“It was just our concern at the time. There were many new cases in a day and possibly many more. The impact of quarantine is insufficient or there is too little time to assess the impact. Data analysts and epidemiologists will comment on this data in detail over the coming week and recommend the most appropriate solution – tighten the quarantine or wait for its effect.
Let us not forget that, unlike in spring, when the air warms up and humidity increases every day after the introduction of the quarantine, the opposite process now occurs: the indoor air dries up and the air outside the windows freezes. However, if we accept that the growth in cases will continue, there will be no vaccine for a few more months and the restrictions will not work as planned, and we will have to survive this situation.
The greatest emphasis right now is on health care. The COVID-19 pandemic is thinning medical ratings, reducing scheduled services and losing beds for COVID-19 patients. Each of us today needs to rely on our common sense and help as many people around us as possible survive the pandemic. In most cases I will repeat it, but I have little choice, “said the professor.
In his account, V. Kasiulevičius also commented on the risk of coronavirus infection and how to act in the event of disease.
1. The smaller the amount of virus that enters your body, the easier it will be for you to survive a pandemic. Therefore keep a distance of 2 meters and wear a mask indoors and in places where many people are useful. Medical masks and FFP2 respirators are a better choice than household masks and scarves.
2. The World Health Organization’s (WHO) “testing, identification, tracing and isolation” strategy works. A recent meta-analysis shows that an average of 17 percent of asymptomatic COVID-19 patients are infected, with the most people infected with the disease within the first 5 days. After 9 days of illness, COVID-19 has not infected anything. As a result, the more we clarify, the more we isolate for ten days, the better we will handle the pandemic.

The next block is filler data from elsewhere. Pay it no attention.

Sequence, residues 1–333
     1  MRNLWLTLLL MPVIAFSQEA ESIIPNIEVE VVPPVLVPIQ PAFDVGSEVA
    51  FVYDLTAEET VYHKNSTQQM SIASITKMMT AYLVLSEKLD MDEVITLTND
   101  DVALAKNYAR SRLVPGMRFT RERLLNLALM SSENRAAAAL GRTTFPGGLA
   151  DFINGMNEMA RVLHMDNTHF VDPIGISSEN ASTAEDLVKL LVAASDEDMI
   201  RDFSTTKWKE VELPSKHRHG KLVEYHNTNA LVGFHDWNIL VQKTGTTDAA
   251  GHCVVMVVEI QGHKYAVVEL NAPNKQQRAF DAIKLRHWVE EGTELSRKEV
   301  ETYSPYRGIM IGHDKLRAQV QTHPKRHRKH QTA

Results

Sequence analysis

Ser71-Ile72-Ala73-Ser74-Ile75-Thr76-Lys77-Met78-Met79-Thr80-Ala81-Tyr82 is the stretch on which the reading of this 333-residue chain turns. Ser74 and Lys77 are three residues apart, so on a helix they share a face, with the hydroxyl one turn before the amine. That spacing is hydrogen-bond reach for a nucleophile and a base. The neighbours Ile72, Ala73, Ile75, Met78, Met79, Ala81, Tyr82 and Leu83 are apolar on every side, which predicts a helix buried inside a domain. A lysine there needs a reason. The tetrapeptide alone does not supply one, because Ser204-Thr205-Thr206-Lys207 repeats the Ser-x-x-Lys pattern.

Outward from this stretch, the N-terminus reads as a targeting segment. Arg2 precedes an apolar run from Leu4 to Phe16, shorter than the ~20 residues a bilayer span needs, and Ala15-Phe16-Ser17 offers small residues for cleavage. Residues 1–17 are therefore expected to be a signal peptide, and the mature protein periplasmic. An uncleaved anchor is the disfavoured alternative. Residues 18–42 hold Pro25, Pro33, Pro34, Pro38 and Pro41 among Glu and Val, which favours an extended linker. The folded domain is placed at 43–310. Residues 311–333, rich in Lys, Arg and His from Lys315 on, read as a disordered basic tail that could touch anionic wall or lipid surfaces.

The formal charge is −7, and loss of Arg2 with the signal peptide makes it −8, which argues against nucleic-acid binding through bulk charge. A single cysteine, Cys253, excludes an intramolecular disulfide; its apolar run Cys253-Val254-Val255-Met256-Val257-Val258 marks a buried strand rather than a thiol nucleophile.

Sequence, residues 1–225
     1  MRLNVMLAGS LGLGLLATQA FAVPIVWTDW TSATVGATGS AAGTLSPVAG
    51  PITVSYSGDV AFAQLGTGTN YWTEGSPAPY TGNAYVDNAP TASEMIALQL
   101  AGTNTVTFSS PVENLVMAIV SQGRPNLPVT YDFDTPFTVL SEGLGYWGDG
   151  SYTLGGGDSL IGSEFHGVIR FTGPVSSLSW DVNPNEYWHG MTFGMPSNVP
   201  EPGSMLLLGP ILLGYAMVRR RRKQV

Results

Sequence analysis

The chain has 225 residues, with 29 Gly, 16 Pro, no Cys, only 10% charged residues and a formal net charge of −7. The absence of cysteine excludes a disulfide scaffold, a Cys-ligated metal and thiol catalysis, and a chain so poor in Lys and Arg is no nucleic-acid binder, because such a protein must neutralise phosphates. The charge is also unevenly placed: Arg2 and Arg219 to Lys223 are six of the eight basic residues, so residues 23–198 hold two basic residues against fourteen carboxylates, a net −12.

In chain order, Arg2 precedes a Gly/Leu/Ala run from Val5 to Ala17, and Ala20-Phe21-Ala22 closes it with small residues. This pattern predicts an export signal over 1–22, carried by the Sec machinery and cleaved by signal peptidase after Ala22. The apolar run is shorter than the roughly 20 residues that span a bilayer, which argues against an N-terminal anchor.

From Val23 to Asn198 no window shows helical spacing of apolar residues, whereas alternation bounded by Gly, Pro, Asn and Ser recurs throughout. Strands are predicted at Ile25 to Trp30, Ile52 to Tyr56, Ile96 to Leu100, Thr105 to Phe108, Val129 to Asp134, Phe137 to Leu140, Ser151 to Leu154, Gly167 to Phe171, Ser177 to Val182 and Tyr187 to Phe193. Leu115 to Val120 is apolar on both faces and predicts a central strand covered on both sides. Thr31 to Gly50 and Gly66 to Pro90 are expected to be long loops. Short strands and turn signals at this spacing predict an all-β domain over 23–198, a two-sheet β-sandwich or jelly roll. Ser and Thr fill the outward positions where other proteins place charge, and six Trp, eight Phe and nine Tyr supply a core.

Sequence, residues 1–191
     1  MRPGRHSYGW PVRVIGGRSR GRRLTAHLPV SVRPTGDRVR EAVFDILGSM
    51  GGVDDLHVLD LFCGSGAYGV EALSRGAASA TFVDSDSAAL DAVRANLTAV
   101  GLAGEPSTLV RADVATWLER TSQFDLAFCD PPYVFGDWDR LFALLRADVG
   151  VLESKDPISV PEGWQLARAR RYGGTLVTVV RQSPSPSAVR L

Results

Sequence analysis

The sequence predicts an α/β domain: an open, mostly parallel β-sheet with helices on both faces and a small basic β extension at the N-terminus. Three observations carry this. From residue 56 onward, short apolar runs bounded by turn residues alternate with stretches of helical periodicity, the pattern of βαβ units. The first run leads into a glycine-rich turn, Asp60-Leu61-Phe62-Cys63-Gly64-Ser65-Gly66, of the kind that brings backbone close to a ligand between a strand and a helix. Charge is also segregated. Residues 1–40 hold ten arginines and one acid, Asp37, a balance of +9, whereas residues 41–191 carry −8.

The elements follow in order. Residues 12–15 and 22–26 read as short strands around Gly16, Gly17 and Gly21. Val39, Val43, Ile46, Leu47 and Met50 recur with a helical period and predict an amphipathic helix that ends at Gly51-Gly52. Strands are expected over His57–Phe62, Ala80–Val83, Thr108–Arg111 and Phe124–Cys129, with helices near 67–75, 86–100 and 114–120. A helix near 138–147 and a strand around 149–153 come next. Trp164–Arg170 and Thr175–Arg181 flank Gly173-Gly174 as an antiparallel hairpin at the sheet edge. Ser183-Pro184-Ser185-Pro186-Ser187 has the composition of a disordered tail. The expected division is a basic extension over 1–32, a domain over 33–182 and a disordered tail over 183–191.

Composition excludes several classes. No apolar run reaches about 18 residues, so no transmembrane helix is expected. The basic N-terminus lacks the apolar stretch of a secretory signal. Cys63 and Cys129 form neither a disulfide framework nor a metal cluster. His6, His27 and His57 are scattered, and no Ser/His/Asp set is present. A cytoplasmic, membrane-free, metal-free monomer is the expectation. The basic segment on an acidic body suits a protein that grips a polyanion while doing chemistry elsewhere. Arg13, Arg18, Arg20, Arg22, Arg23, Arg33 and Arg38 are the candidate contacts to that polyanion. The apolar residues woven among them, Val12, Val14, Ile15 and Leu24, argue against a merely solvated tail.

Photo by Sigismund Gedvila / 15 minutes / Vytautas Kasiulevičius
3. People living with sick people are not necessarily infected if they isolate patients in separate rooms, constantly vacate rooms, disinfect toilets and showers, and eat from different dishes, and communicate with patients using medical masks or FFP2 respirators.
4. Pulse oximeters are not popular in Lithuania, but they are a very simple way to monitor your condition. All you have to do is put this little device on your finger and you can already see how much oxygen your blood is saturating. This is great for the condition of your lungs. If your oxygen saturation drops below 92 percent, you need extra oxygen. You can get that kind of oxygen in the hospital. No doctor walking and listening to your lungs will help you better than assessing your condition with a pulse oximeter.
5. If you fall ill, continue to treat your chronic disease with the medications prescribed by your doctor. If you go to a hospital, take these medications and take them until your treatment is handled by a qualified professional. Medicines that lower blood pressure, control glucose, and thin the blood are essential. They need to be continued because COVID-19 attacks the weakest part of humans.
6. If you are admitted to the hospital, follow the instructions of the medical staff and take the treatment that was prescribed to you. No experimental treatment is given by anyone without your knowledge. If your condition doesn’t improve, you may actually be offered treatment that isn’t universally approved yet. But in that case, you will receive a proposal in writing and you can either approve it or not, carefully considering possible alternatives.
7. If you fall ill, immediately separate yourself from older family members and those with high blood pressure, diabetes, or other serious chronic illnesses.
“Humanity is not omnipotent, but it can survive if it is guided by a cold mind rather than emotion and even more so anger. When emotion and darkness prevail, humankind usually survives too, but to a lesser extent. The difference between the first and second survivors is at the heart of our never ending discussion, ”said V. Kasiulevičius.